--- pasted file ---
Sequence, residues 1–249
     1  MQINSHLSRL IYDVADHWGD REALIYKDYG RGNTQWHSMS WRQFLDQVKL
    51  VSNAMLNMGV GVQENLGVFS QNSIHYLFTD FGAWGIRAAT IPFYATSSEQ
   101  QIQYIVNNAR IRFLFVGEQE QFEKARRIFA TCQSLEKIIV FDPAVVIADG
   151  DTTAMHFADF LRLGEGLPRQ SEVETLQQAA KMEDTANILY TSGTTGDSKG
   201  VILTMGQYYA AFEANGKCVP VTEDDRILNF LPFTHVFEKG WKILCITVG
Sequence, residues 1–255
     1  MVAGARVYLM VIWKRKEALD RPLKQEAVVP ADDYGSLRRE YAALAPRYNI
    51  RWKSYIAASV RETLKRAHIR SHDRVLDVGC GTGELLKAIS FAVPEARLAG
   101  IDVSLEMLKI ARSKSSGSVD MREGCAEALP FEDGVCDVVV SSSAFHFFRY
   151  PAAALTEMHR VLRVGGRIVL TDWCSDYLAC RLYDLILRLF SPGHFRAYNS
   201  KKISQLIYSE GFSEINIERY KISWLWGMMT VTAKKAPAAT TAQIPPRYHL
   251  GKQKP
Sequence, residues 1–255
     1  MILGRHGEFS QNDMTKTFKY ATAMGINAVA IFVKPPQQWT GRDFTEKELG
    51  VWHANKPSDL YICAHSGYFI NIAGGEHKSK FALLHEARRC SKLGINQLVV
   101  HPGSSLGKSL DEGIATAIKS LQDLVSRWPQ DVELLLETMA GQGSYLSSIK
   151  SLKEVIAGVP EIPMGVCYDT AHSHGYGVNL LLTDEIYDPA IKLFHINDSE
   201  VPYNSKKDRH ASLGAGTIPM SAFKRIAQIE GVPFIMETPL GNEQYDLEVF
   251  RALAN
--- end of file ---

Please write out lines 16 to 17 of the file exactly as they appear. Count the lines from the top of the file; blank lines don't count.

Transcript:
    51  VWHANKPSDL YICAHSGYFI NIAGGEHKSK FALLHEARRC SKLGINQLVV
   101  HPGSSLGKSL DEGIATAIKS LQDLVSRWPQ DVELLLETMA GQGSYLSSIK